Re: Time keeping

Subject: Re: Time keeping
From: Ginna Dowler <gdowler -at- questercorp -dot- com>
To: TECHWR-L <techwr-l -at- lists -dot- raycomm -dot- com>
Date: Tue, 15 Feb 2000 13:40:07 -0800

I'll reply wearing my project manager hat today. From this perspective,
time sheets are of vital importance. If you are working on one project
for the next six months, then no, a daily time sheet isn't really that
useful. However, if you are working on integrated projects with
different deliverables, then you definitely need to account for your
time. There also needs to be a history. I go to my timesheet database
several times a day. I need to make sure that the jobs have been costed
properly, I need to dig up historical info to support a proposal (well,
it took us 10 days hardware engineering time to make that change, we'd
better bid the same this time). I need to compare time sheets to work
packages. And not because I want to come down hard on someone, but just
to make sure we know what happened. "Well, we gave you five days, but it
took 12. What went wrong here? Did we estimate badly or were there other
factors?"

Bob Morrisette wrote:
>
> Starting today the writers in my group are required to
> fill out a web-based form showing how much time they spend
> on each document during the day.
>
> The form lists all documents assigned to you and time for
> meetings, reading, etc. They don't list time in the bathroom.

In most situations, it's easier to start with more detail, and then
relax, than it is to go really broad and try to fill in the details. I
suspect this is what your "metrics queen" is trying to do. After six
months or so, there will be an analysis, and then a new revision of time
codes.

The truth is that an accurate picture of time spent doing various tasks
is vital for all kinds of reasons: job costing, proposals, R&D tax
credits, project planning etc. Time metrics are a requirement of various
process models, and CMM if I'm not mistaken.

"Higgins, Lisa" wrote:

> I've had to do this in the past, and it can be very difficult. When you're
> working on several projects, it can take a lot of time to keep track of when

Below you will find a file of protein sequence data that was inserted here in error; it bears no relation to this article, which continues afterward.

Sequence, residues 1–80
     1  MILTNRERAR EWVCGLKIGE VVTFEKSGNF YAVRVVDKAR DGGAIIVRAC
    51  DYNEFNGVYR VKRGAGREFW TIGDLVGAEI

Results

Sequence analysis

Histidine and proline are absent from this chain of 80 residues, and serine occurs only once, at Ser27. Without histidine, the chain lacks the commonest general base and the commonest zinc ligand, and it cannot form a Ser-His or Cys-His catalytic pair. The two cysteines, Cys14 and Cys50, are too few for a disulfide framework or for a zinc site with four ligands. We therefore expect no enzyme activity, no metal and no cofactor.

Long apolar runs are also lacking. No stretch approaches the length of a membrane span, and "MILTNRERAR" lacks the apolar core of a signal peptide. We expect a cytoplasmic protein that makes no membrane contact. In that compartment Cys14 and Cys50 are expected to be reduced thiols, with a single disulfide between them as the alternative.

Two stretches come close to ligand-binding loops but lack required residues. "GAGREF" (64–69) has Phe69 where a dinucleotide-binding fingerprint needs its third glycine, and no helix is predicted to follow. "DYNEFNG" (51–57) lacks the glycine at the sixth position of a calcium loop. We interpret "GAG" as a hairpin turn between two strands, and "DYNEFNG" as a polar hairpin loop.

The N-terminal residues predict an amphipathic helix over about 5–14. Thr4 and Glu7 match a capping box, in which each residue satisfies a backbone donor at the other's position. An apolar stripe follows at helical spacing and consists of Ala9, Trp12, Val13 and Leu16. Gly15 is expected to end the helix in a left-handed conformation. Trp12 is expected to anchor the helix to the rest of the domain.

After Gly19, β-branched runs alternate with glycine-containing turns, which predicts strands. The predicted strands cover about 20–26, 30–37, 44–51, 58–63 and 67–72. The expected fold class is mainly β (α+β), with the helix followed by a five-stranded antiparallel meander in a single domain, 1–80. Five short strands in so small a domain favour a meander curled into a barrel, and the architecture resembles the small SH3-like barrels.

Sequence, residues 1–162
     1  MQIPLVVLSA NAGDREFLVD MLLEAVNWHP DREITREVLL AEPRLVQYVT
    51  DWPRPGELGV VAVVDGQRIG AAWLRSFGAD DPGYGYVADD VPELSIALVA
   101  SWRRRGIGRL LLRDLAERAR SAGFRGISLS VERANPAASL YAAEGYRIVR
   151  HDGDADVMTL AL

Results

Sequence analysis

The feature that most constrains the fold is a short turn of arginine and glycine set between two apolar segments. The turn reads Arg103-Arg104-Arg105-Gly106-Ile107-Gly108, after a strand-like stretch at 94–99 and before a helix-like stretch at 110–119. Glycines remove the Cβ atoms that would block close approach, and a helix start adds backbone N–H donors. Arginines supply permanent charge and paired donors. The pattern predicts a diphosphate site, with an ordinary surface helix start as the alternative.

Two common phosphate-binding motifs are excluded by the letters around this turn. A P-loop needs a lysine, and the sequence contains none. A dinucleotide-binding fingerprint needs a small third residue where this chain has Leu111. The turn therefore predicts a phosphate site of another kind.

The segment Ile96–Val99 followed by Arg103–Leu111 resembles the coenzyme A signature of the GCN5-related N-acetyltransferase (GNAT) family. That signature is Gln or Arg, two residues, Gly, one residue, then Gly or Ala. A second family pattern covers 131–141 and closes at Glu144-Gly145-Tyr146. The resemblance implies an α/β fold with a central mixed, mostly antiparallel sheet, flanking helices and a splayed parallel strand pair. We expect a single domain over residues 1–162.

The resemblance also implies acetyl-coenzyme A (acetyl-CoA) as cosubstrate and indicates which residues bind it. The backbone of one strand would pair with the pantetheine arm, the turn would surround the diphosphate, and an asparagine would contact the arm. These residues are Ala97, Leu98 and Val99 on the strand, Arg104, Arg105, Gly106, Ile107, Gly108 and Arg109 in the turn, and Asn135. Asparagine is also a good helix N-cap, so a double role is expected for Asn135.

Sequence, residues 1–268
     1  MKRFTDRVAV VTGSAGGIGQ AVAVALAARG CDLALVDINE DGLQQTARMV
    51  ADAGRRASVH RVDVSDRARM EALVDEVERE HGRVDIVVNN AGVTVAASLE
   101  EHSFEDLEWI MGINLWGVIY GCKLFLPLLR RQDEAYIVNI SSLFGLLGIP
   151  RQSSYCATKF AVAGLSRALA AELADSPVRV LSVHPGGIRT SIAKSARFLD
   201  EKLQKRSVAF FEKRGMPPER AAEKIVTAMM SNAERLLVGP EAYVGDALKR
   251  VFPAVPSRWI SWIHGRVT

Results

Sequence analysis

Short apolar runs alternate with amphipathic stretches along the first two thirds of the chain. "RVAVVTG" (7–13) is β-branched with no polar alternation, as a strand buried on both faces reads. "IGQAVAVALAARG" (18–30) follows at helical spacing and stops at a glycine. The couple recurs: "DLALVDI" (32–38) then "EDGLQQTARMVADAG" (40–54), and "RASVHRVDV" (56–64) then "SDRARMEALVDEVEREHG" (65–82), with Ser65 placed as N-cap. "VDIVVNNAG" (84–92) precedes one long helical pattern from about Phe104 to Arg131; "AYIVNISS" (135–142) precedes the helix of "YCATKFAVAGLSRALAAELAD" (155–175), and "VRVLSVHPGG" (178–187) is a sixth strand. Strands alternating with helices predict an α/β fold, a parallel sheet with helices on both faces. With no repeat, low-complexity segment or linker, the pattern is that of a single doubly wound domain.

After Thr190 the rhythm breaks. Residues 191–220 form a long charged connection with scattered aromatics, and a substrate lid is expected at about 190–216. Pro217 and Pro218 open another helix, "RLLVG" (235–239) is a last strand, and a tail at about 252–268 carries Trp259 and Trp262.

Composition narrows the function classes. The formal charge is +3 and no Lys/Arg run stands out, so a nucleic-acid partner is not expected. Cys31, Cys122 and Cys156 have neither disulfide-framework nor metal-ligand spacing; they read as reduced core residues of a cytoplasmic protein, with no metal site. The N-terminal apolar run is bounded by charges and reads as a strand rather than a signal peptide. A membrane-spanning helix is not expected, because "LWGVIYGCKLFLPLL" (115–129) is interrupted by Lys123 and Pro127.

> you're doing what, and it's a judgement call what you document for this.
> What if you're working on one thing, and someone calls or stops by with
> information about a different project? Do you note that? Is there some time
> limit?

Well no, the point isn't to make it your primary task, but if (for
example) you spent 20 hours supporting marketing and not working on your
other projects, the company needs to know that not only are your other
tasks not the time drag you'd assumed, but that marketing requires a lot
of support. 15 minute intervals is good to aim for, but there will
always be flexibility. There's no reason not to jot down start and
finish times in your daytimer. If you spend more than say 20 minutes
doing something else, take 15 seconds to jot that down too.

> (And no, I really don't think it's appropriate for anyone but MAYBE the most
> junior level writer. Anyone with any experience has probably figured out the
> most effective way to work, and I can't imagine what they'd want to do with
> this information except dictate some oppressive, inefficient, soul-sucking
> working model. Or maybe it's a contest to see who goes to the most
> meetings.)

It isn't meant to be "soul-sucking", but project managers and planners
definitely need to know what work *acutally costs*. It probably has
NOTHING to do with making sure you're really working, or being big
brotherish or whatever. I've never had a job where we didn't fill out
time sheets, and I never expect to have a job where I don't insist that
they be done.

--
Ginna Dowler
Project Manager and Documentation Supervisor
Quester Tangent Corporation
Sidney, BC
gdowler -at- questertangent -dot- com




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